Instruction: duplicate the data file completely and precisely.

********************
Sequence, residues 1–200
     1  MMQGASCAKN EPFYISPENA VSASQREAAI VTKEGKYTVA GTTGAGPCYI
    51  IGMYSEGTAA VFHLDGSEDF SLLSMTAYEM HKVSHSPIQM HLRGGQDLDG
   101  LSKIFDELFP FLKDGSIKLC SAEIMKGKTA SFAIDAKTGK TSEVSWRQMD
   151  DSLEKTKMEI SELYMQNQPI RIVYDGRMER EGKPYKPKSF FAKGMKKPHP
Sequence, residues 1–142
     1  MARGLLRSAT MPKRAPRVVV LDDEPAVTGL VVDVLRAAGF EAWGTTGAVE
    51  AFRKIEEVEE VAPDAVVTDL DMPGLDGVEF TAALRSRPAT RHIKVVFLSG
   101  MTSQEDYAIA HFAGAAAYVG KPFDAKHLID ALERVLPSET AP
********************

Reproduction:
Sequence, residues 1–200
     1  MMQGASCAKN EPFYISPENA VSASQREAAI VTKEGKYTVA GTTGAGPCYI
    51  IGMYSEGTAA VFHLDGSEDF SLLSMTAYEM HKVSHSPIQM HLRGGQDLDG
   101  LSKIFDELFP FLKDGSIKLC SAEIMKGKTA SFAIDAKTGK TSEVSWRQMD
   151  DSLEKTKMEI SELYMQNQPI RIVYDGRMER EGKPYKPKSF FAKGMKKPHP
Sequence, residues 1–142
     1  MARGLLRSAT MPKRAPRVVV LDDEPAVTGL VVDVLRAAGF EAWGTTGAVE
    51  AFRKIEEVEE VAPDAVVTDL DMPGLDGVEF TAALRSRPAT RHIKVVFLSG
   101  MTSQEDYAIA HFAGAAAYVG KPFDAKHLID ALERVLPSET AP